Originally Posted by J_P_A
BTW, I'd love to see your HT reading list! You've been bringing the heavy acoustic theory here lately. I'd like to catch up
Here's a long-overdue response to J_P_A.
First, thanks for the compliment. Though as you and I have discussed, often what passes for informed internet conversation is just wild speculation by someone only partially informed - at least that is how I often feel about my own posts.
I wish I had a specific list of great resources. I only have a few, and there not necessarily great or unique - my general approach has been to read everything that comes up. I spend a lot of time chasing weird stuff. Generally, if I'm interested in theory and best practices, there are two websites that come to mind - the what's best forum
, and gearslutz
. The what's best forum is great as a resource because you hear directly from industry professionals, and often there are meaningful exchanges among trustworthy sources, so you can really get a feel for what the strengths and weaknesses of a particular idea or technology are. I actually haven't been following ongoing threads there, but I get the feeling that as a community forum, it's a little slow, and may not be long-lived. On the other hand, gearslutz is populated by DIYers, so the conversation are generally more practical (less theoretical) and generally well-documented. The caveats with gearslutz include the sometimes novice posters (both a blessing and curse, as you may have to wade through meaningless misunderstanding, but you may see our own misunderstanding corrected) and the stated bias toward mixing facilities instead of casual listening or home theater.
Of course, the print resources are nice as well. I haven't read more than what are probably recognized as the two most oft-cited around here. Floyd Toole's Sound Reproduction
, and Cox and D'Antonio's Acoustic Absorbers and Diffusers
. I borrowed these two books, one at a time, from local university libraries - thankfully, I have a close friend who is a university librarian and able to work out the inter-library loans for me. I read both of them cover to cover, except for the math that was not comprehensible to me and seemed irrelevant anyway, in many cases. Toole's book is very readable. It's the best starting point for a novice, IMO. It's complete in its approach, very practical, and well documented. If I had time and easy access to original research, the footnotes would lead to years of great reading. Cox and D'Antonio's book is thorough and important, but less practical. The text is described as practical, in that it refers to real applications and not just mathematical theory, but it has very little direct implications for small room acoustics. If you can wade through the calculus (there is a lot - and I still can't tell you what a wave number is!), you can develop a working understanding of the principles and a good feeling for when and how they might be applied to small spaces - though I usually go to gearslutz to see what a successful implementation looks like.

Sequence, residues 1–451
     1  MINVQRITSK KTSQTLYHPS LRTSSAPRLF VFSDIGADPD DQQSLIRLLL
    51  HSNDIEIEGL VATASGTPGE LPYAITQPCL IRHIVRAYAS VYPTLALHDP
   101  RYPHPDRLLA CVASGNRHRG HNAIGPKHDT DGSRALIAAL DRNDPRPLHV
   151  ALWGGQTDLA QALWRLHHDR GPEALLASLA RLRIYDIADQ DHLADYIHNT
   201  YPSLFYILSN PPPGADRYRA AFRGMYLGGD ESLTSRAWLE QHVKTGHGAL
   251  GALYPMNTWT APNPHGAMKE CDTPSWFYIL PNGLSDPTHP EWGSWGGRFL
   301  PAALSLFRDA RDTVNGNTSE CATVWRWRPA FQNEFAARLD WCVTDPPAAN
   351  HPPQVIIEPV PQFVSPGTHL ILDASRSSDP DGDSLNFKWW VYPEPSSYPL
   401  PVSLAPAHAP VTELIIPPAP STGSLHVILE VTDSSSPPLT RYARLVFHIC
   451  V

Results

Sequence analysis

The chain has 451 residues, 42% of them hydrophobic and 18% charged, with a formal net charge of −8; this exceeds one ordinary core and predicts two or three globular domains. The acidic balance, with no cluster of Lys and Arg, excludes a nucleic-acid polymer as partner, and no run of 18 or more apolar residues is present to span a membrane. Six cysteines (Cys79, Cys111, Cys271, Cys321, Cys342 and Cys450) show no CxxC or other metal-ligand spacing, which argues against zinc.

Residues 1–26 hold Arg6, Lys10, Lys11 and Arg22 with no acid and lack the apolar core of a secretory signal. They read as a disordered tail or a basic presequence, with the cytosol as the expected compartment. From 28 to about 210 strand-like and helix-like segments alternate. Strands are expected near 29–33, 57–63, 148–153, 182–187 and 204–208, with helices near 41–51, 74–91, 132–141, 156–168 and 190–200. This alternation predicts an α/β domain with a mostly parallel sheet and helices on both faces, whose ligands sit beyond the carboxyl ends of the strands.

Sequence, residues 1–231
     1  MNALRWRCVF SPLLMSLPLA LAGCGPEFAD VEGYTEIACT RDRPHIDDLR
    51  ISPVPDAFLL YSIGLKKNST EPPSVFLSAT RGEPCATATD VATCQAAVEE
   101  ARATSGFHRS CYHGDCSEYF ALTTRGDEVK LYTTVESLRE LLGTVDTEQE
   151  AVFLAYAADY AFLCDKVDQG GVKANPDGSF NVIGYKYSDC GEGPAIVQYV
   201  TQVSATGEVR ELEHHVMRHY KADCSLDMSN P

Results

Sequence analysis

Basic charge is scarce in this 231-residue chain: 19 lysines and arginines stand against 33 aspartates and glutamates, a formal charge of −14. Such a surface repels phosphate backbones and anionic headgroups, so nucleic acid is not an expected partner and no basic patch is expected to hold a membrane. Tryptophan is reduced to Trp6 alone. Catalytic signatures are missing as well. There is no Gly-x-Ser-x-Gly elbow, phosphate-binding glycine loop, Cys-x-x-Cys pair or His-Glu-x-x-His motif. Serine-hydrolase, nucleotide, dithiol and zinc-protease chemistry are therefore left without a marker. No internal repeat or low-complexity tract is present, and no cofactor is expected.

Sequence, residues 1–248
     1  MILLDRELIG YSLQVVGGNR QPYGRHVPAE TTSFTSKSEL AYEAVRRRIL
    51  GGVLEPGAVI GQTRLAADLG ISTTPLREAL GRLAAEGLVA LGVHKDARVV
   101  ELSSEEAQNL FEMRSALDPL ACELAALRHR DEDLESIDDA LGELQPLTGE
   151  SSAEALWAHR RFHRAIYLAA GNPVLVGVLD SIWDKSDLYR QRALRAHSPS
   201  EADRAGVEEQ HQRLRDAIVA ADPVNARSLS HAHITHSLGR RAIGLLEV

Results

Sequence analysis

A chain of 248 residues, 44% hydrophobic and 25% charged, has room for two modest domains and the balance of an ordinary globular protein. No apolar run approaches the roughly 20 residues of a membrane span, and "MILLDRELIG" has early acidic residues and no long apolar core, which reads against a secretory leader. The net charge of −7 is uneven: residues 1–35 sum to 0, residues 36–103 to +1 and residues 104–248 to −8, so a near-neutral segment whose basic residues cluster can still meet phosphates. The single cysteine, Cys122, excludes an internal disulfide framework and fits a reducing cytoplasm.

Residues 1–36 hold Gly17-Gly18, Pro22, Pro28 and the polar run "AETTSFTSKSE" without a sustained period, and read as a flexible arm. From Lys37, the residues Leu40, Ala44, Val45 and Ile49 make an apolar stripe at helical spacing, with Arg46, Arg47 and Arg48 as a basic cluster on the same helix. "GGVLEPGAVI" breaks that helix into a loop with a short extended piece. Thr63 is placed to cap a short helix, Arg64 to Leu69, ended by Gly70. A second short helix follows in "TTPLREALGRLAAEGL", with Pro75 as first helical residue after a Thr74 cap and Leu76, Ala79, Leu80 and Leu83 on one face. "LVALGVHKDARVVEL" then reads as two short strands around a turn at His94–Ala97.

Other resources include a few blogs and webforums, like (in no particular order) redspadeaudio
, the articles Earl Geddes has written and published to his website
, and the forums at diysoundgroup.com
(see especially Bill Waslo's article about setting up controlled directivity speakers in the articles section). Of course there is also the white paper
that Nyal Mellor and Jeff Hedback wrote recently - it is thoughtful and provides a lot of reading and opportunities for more searching. I've been reading more and more about loudspeaker design in the last few weeks. I'm coming around to the idea that thorough understanding of the way speakers make sound will let me see more clearly the way that sound will interact with me and my room. I'll be able to make better decisions about placement and selection once I've read more. Along those lines, I think I'm going to try to get a friend of mine to build me some speakers instead of buying them commercially - probably a SEOS design from diysoundgroup.
I expect that most of this is stuff you have seen already, which is one reason I didn't respond to this earlier, but maybe I'm wrong and this is new and useful to you. Hopefully it's useful to others as well.